"I think that Saquon [Barkley] is going to be better than [Ezekiel] Elliott." — Barrett Brooks.

1:00 - What kind of basketball parent is Barrett?
3:00 - Father's Day weekend recap.
5:00 - Eagles' 53-man roster after spring practices.
15:30 - Tom Brady tells Oprah the end is near ... when do players start seeing that reality?
20:00 - The hardest part about having to say goodbye to football.
23:00 - Odell Beckham Jr.'s contract situation.

Press Taylor was right choice for Eagles' QBs coach

Press Taylor was right choice for Eagles' QBs coach

The Eagles were just a few days away from the Super Bowl and there was a clear indication of just how loose the team really was. 

On Feb. 1, Carson Wentz tweeted out a photo proving it. 

So, what’s the point of this? Why show a photo that Wentz sent out from an escape room well over four months ago?

Well, because it was a little glimpse into the future. Because the five guys in that photo are going to be the five guys in the Eagles’ quarterback room this season. 

Along with Wentz, Nick Foles and Nate Sudfeld, the other two are Press Taylor (sitting) and Spencer Phillips. This offseason, after John DeFilippo left Philadelphia to take the offensive coordinator job in Minnesota, the Eagles promoted Taylor to take his position as quarterbacks coach and then promoted Phillips to take Taylor’s spot as the assistant quarterbacks coach. 

It was probably a no-brainer. 

And it’s crazy to think, but just a year after the Eagles blocked DeFilippo from leaving the organization, DeFilippo has left … and the Eagles are going to be just fine. 

At the time, before the 2017 season, it made sense to block DeFilippo. He was seemingly integral to the development of a young Wentz and he certainly deserves plenty of credit for the big jump in Wentz’s play last season. But now, without him, the Eagles are going to keep a finely-tuned machine running. And they’re going to do it with a very young and very promising coach. 

Taylor is just 30 years old, which seems incredibly young for a coach who is supposed to lead the most important position room for the Eagles and possibly the most important position room in the entire league. He’s just one year older than Foles. 

He might be young, but Taylor is uniquely positioned to handle this responsibility. And aside from his football acumen — which has been touted by his superiors — it’s his relationship with the players in the room that made him such a no-brainer replacement for DeFilippo.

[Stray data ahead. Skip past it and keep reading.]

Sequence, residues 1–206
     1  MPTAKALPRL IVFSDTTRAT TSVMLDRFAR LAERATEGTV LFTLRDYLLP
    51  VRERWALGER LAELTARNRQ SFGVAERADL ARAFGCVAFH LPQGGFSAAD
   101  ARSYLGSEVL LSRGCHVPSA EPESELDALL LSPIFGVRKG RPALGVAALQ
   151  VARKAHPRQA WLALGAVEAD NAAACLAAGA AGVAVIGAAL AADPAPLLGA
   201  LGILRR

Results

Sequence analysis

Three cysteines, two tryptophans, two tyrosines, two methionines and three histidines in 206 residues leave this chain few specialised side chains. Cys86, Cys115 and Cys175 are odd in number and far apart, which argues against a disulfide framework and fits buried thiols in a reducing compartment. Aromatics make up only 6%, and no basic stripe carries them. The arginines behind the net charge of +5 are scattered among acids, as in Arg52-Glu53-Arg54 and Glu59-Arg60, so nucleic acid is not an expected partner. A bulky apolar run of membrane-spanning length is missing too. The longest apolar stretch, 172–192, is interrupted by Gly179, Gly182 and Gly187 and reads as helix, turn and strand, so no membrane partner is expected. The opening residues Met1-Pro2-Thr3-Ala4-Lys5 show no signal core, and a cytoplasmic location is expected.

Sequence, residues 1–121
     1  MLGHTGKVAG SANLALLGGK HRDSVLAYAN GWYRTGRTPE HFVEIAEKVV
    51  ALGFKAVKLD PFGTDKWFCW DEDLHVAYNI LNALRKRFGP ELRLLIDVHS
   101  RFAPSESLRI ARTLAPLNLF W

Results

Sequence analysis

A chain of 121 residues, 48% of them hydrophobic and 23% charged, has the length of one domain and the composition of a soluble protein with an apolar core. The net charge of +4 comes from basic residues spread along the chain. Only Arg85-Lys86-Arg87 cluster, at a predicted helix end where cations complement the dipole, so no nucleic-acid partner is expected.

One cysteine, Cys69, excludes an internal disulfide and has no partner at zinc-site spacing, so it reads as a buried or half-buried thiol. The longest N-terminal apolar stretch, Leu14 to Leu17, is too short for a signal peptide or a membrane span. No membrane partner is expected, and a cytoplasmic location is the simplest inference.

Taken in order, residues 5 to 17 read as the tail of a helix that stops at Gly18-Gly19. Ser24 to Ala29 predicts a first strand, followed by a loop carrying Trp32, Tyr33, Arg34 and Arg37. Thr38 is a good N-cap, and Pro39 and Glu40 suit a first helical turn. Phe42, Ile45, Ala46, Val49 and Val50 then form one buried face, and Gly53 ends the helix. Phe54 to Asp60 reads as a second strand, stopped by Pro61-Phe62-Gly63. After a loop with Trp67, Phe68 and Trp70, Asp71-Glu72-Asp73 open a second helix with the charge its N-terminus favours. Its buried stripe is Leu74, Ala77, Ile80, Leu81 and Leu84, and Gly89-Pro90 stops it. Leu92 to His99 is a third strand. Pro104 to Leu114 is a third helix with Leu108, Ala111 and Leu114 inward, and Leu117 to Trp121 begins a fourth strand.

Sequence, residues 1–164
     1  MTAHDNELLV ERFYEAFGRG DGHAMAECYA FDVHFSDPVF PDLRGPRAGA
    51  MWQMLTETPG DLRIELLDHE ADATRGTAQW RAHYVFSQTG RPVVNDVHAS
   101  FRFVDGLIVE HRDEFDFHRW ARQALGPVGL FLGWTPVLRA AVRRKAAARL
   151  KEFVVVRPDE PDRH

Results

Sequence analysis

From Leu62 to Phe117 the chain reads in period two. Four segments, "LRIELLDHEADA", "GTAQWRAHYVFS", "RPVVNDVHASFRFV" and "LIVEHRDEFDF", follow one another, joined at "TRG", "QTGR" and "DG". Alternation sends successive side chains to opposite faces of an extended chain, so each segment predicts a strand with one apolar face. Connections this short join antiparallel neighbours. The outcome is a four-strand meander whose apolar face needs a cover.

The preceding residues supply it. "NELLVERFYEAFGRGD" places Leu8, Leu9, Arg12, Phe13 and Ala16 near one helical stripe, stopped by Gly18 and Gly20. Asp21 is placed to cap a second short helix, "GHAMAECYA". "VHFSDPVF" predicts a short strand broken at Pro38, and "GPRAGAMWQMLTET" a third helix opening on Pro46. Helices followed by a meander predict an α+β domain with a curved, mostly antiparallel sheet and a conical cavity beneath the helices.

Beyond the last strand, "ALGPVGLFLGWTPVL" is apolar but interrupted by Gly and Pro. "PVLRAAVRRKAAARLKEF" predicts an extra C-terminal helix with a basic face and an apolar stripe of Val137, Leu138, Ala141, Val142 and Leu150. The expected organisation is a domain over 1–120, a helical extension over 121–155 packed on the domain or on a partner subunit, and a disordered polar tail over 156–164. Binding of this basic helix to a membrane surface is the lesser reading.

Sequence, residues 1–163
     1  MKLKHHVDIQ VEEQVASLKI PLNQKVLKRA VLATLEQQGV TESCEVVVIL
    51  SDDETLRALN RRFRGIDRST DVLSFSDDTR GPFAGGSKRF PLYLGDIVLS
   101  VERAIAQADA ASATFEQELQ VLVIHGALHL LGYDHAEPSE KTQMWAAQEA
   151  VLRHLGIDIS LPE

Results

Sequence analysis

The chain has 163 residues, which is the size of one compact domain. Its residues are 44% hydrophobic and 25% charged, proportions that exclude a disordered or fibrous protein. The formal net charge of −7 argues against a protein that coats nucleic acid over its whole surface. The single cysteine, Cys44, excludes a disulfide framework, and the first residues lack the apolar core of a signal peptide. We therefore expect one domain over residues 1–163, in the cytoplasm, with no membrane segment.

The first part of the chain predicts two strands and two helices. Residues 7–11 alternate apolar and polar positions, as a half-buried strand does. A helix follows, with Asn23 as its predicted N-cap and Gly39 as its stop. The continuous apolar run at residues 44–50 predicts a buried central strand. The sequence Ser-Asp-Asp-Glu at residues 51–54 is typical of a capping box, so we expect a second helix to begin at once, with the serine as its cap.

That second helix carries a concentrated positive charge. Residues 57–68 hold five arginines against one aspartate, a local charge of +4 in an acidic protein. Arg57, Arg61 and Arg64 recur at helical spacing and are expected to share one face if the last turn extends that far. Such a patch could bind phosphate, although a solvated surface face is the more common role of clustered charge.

“I feel really close (to Wentz, Foles and Sudfeld),” Taylor said last week. “I know what makes them tick going into it. And then we all had our own relationships. Obviously, I wasn’t their quarterbacks coach at the time, but I was in the room, sat through those conversations, had my own conversations out on the practice field. I feel like I know the things they like, the things they didn’t like. And then was able to learn from the other guys, the other coaches in the room.”

After the Super Bowl, Taylor is probably best known in the city for bringing the Philly Special to the Eagles. In his position last year, it was his job to mine gadget plays from around the league and found that play being used by the Bears the season before (see story). And that’s great. But all the stuff we don’t know about last year is what’s going to make the most difference for the Eagles this season. 

Taylor has been with the Eagles since 2013, when Chip Kelly brought him to town. And then Doug Pederson was smart enough (and without ego) to keep Taylor in 2016. The brother of Rams quarterbacks coach Zac Taylor, Press has quickly worked his way up the ladder. 

Last week, Wentz was asked if the team wanted his opinion before promoting Taylor. 

“I think it was pretty much known how we felt about Press beforehand,” Wentz said. “We’ve seen Press behind the scenes the last couple years and how hard he works. A lot of guys have a ton of respect for him as a person and as a coach. I know that’s where I sit. So far, it’s been great. He understands the game extremely well. We’re very like-minded, both on and off the field. The relationship I have with him personally and the relationship he has with all the quarterbacks has been tremendous so far.”

The relationship between Taylor and the QBs is so important. Relationships for this entire coaching staff are so important. Really, that’s what has made Pederson so special. He has that “emotional intelligence” and understands how to deal with his players. 

Taylor seems to have that too. And really, that’s why the Eagles’ QB room won’t miss a beat. 

More on the Eagles